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Written by John Turnbull, Chairman

It has never been easy to value these, given the various issues involved.

Not the least problem for a developer is finding a solution where the owner of the access ransom knows the importance to the developers. In reverse, that is where the landowner realises he has a commercial advantage. YoungsRPS finds itself acting on both sides of this issue. The lack of any statutory framework to work in leaves the parties in a free market. So, a commercial solution has to be found.

As a reminder, Stokes v Cambridge (1961) 180 EG 839 which was a compulsory purchase case assessed, in the particular circumstances of that case, the relevant payment as one third of the value of the development site after deduction of:

  • Developer’s profit
  • The cost of “roads, sewers, fencing, consents and contingencies”
  • The value of the site without the benefit of the ransom strip

It is worth noting that in Stokes the Tribunal took into account further land which Cambridge owned, which would likely also benefit in the future from the access, and therefore the value of the ransom was enhanced. This one third was deemed by the Tribunal to be the appropriate amount in the circumstances and on the particular facts of that case, it is not necessarily the answer in other cases.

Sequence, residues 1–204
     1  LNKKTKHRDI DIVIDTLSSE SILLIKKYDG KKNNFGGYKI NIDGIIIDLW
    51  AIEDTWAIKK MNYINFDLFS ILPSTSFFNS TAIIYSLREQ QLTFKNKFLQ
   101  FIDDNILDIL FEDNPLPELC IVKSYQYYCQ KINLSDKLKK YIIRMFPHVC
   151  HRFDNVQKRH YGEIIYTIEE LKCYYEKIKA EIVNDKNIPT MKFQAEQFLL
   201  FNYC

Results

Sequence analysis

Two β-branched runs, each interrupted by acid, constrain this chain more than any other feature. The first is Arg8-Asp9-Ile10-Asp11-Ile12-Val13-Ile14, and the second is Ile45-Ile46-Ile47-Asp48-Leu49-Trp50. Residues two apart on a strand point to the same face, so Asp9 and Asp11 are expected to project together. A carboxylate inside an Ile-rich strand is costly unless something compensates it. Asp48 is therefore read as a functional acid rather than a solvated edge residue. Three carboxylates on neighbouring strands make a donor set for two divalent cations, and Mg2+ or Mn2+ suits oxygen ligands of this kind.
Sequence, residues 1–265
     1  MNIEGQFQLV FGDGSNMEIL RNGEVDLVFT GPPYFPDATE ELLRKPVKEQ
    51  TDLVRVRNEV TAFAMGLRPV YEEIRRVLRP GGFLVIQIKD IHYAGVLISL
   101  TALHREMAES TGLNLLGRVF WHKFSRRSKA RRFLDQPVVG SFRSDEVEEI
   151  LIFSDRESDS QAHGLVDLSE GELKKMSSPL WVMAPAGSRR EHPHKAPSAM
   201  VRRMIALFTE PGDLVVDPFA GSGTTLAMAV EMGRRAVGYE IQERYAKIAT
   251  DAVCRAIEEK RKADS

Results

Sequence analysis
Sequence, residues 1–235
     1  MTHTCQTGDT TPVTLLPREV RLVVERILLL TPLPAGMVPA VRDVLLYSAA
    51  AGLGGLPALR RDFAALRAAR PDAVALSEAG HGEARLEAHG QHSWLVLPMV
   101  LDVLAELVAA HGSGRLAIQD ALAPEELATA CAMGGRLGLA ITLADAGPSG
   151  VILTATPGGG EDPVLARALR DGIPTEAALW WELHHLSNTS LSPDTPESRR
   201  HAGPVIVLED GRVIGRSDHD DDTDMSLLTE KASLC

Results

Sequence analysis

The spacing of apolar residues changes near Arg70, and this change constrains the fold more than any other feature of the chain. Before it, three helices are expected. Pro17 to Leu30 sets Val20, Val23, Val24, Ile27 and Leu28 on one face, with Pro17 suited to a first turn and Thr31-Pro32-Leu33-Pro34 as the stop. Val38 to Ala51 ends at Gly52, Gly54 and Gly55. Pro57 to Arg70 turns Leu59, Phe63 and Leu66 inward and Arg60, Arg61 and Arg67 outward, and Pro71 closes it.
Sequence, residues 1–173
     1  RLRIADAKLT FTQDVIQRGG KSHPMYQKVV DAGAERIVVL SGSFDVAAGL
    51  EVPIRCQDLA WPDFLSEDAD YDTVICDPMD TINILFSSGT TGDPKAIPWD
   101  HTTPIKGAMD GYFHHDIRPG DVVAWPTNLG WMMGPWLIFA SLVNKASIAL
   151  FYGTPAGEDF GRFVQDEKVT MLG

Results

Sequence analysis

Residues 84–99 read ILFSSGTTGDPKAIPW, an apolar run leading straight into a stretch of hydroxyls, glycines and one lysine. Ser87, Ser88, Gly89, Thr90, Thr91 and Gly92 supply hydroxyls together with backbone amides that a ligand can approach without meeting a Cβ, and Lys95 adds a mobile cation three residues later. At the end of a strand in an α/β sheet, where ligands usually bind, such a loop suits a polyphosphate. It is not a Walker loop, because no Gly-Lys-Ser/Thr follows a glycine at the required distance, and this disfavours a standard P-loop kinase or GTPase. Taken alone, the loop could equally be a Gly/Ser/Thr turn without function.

Clearly the existence of other access points will serve to dilute the ransom owner’s position. For a developer or owner of a development site suffering the possibility of an access ransom, there is some help in Section 226 of Town and Country Planning Act 1990 which contains grounds on which a local planning authority may exercise powers to acquire access land. However, this is unlikely to be effective unless, amongst other things, there is reason to believe the acquisition will “support the development, redevelopment or improvement of the land plus deliver economic, social or environmental wellbeing to the area”. So it is far from an easy process.

To conclude, the landowner/ developer is going to be at the mercy of the access ransom owner unless:

  • Insurance can be obtained
  • There are genuine alternative accesses
  • Section 226 can work

Further, the owner of the ransom land needs to make sure that further development beyond the initial proposal is also taken into account, either at the time or by an overage agreement.


For further information or advice please contact your local YoungsRPS office

Northallerton:    01609 781 234

Dumfries:           01848 332 414

Hexham:            01434 609 000

Alnwick:             01665 606 800

Sedgefield:        01740 622 100

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